Lex asks Chloe to lie, and she does...exxxxxcellent. Corruption! Go Lex. See, he's a bad guy, so I can root for him.

    Again, Kryptonite powered cars. My God.

    So Pete has an enormous yell fest at Clark for being special, which he's never had a problem with before, as he's deciding to do something obviously stupid and dangerous (after almost killing Ma Kent)... blah, blah, blah, I'm trying to pay attention to the whole ridiculous thing, when I look behind Pete and realize that the cinematography in this episode is screwed, too. I see mountains in Kansas. Brilliant. Framed really big right into the shot.

    Were they, (to use a Dante phrase) asleep at the wheel?

    I do have one consolation for you. Dante, never once, though essentially being the same character as the tattooed goons who waylaid Whitney for a while (at least with Whitney it was the natural extension of being a jock, becoming a bullying d&*#.), never has the audacity to say "Bro." like his counterpart. Remember that? Shudder. "Hey, bro. You're in real trouble, bro. I got a Kryptonite tat, bro."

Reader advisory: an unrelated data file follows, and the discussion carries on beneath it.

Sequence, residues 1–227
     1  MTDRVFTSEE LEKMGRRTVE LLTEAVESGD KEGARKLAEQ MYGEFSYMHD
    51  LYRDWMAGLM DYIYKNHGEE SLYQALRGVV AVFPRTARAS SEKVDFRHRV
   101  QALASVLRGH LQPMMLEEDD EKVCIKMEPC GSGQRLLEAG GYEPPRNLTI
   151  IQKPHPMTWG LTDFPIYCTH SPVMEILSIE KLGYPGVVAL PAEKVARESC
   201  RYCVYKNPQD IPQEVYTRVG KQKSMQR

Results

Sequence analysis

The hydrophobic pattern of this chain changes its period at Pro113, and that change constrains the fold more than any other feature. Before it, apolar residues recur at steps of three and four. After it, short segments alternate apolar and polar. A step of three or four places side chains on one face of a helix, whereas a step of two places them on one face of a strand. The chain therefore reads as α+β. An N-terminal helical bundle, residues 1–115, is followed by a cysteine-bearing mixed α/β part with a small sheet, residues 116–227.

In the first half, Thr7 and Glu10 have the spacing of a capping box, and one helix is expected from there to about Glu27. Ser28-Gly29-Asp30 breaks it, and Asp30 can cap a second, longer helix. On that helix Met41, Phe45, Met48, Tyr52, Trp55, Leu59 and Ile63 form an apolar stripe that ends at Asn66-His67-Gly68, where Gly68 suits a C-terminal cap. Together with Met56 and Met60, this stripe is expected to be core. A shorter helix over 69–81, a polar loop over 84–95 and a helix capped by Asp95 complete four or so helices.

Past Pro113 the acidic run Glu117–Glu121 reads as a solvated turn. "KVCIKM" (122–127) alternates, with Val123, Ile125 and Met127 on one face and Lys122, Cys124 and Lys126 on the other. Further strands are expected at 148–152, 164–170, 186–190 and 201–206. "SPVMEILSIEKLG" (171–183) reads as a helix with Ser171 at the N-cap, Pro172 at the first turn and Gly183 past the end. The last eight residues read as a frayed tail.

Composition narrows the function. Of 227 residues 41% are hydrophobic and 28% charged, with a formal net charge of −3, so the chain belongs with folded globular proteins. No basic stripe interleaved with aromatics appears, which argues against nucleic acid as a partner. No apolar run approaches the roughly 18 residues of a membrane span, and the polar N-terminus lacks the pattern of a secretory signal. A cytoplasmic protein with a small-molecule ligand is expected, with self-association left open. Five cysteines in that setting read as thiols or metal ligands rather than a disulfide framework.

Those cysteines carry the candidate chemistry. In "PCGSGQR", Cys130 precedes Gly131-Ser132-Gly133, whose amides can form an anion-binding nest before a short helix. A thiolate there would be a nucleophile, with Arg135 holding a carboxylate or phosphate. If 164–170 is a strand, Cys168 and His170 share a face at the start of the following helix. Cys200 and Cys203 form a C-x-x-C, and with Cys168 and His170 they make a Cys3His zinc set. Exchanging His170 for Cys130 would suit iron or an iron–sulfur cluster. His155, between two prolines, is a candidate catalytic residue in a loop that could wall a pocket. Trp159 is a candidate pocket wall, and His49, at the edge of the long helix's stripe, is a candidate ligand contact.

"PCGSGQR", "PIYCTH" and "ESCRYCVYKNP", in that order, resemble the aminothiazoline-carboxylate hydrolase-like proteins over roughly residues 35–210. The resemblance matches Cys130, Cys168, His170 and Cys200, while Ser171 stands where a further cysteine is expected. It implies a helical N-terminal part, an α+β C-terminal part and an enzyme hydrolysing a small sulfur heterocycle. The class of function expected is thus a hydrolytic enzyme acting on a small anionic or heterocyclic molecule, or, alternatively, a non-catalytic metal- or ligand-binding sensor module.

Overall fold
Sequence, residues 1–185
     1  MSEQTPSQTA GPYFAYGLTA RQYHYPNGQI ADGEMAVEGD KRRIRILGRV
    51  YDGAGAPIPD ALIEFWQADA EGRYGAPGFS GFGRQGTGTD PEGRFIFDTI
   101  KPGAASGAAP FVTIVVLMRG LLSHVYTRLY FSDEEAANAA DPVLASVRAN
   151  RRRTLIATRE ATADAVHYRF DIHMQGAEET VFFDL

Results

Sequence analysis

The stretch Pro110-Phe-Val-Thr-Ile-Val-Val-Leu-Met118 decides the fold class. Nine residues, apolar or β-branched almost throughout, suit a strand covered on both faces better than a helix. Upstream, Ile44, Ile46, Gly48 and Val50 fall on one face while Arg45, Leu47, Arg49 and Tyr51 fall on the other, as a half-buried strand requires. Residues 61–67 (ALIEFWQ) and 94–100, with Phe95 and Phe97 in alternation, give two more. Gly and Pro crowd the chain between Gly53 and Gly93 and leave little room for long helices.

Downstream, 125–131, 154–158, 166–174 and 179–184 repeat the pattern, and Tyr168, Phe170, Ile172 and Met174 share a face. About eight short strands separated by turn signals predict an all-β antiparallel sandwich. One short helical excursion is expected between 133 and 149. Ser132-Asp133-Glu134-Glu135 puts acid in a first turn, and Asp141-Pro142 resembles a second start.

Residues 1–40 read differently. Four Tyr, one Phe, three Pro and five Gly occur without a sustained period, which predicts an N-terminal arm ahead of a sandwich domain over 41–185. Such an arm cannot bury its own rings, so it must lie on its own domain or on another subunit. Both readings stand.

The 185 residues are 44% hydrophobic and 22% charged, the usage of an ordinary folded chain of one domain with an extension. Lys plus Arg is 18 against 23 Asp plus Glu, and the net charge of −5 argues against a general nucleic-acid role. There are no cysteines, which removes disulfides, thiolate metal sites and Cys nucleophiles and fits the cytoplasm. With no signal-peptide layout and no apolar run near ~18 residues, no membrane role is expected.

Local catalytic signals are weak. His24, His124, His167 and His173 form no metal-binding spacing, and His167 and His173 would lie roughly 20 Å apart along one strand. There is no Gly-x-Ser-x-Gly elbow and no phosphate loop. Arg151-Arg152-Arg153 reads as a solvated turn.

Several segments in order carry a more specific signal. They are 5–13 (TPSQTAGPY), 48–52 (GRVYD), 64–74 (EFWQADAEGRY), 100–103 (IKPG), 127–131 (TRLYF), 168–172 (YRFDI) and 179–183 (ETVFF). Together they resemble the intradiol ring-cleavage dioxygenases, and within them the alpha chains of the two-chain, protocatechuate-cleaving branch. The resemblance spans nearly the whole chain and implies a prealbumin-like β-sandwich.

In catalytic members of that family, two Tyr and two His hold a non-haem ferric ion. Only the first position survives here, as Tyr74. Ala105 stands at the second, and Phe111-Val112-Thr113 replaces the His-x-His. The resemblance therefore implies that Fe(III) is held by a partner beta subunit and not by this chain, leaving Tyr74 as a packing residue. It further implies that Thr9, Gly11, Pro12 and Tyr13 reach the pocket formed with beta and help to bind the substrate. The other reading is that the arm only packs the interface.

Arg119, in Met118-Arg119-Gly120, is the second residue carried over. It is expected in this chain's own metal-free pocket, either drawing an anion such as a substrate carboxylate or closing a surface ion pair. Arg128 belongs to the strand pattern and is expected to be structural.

The bonus is, he's not a freak of the week, genuinely. He doesn't go homicidal all of a sudden. Those car racing types who gamble and steal, they're generally very homicidal when it comes to extorting money. At least the character is honest. Maybe he's a high school kid, and thus not really prone to such things, but I'll give it the benefit of the doubt.

    Another good guy becomes the bad guy episode. And hey, you know we all missed Pete so much that the perfect remedy to his absence was to have him come back and be cruel, rude, and manipulative for a few minutes. What, he been watching Lana or something?